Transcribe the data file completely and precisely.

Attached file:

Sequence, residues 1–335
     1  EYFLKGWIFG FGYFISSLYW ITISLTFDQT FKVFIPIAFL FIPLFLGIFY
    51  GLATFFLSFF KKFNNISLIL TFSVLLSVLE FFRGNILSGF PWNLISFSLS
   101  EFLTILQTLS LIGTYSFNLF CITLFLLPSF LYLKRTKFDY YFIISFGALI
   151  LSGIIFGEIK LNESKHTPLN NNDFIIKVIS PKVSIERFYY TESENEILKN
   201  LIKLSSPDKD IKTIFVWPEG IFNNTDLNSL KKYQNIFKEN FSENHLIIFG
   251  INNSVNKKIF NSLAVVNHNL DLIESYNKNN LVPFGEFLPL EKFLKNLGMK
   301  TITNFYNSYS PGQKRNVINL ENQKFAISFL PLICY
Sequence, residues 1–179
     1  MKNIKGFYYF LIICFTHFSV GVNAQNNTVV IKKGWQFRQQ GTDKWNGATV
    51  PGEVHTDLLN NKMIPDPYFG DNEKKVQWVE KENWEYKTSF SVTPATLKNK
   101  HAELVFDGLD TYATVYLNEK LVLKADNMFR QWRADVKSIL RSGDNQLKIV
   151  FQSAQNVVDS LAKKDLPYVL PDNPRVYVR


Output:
Sequence, residues 1–335
     1  EYFLKGWIFG FGYFISSLYW ITISLTFDQT FKVFIPIAFL FIPLFLGIFY
    51  GLATFFLSFF KKFNNISLIL TFSVLLSVLE FFRGNILSGF PWNLISFSLS
   101  EFLTILQTLS LIGTYSFNLF CITLFLLPSF LYLKRTKFDY YFIISFGALI
   151  LSGIIFGEIK LNESKHTPLN NNDFIIKVIS PKVSIERFYY TESENEILKN
   201  LIKLSSPDKD IKTIFVWPEG IFNNTDLNSL KKYQNIFKEN FSENHLIIFG
   251  INNSVNKKIF NSLAVVNHNL DLIESYNKNN LVPFGEFLPL EKFLKNLGMK
   301  TITNFYNSYS PGQKRNVINL ENQKFAISFL PLICY
Sequence, residues 1–179
     1  MKNIKGFYYF LIICFTHFSV GVNAQNNTVV IKKGWQFRQQ GTDKWNGATV
    51  PGEVHTDLLN NKMIPDPYFG DNEKKVQWVE KENWEYKTSF SVTPATLKNK
   101  HAELVFDGLD TYATVYLNEK LVLKADNMFR QWRADVKSIL RSGDNQLKIV
   151  FQSAQNVVDS LAKKDLPYVL PDNPRVYVR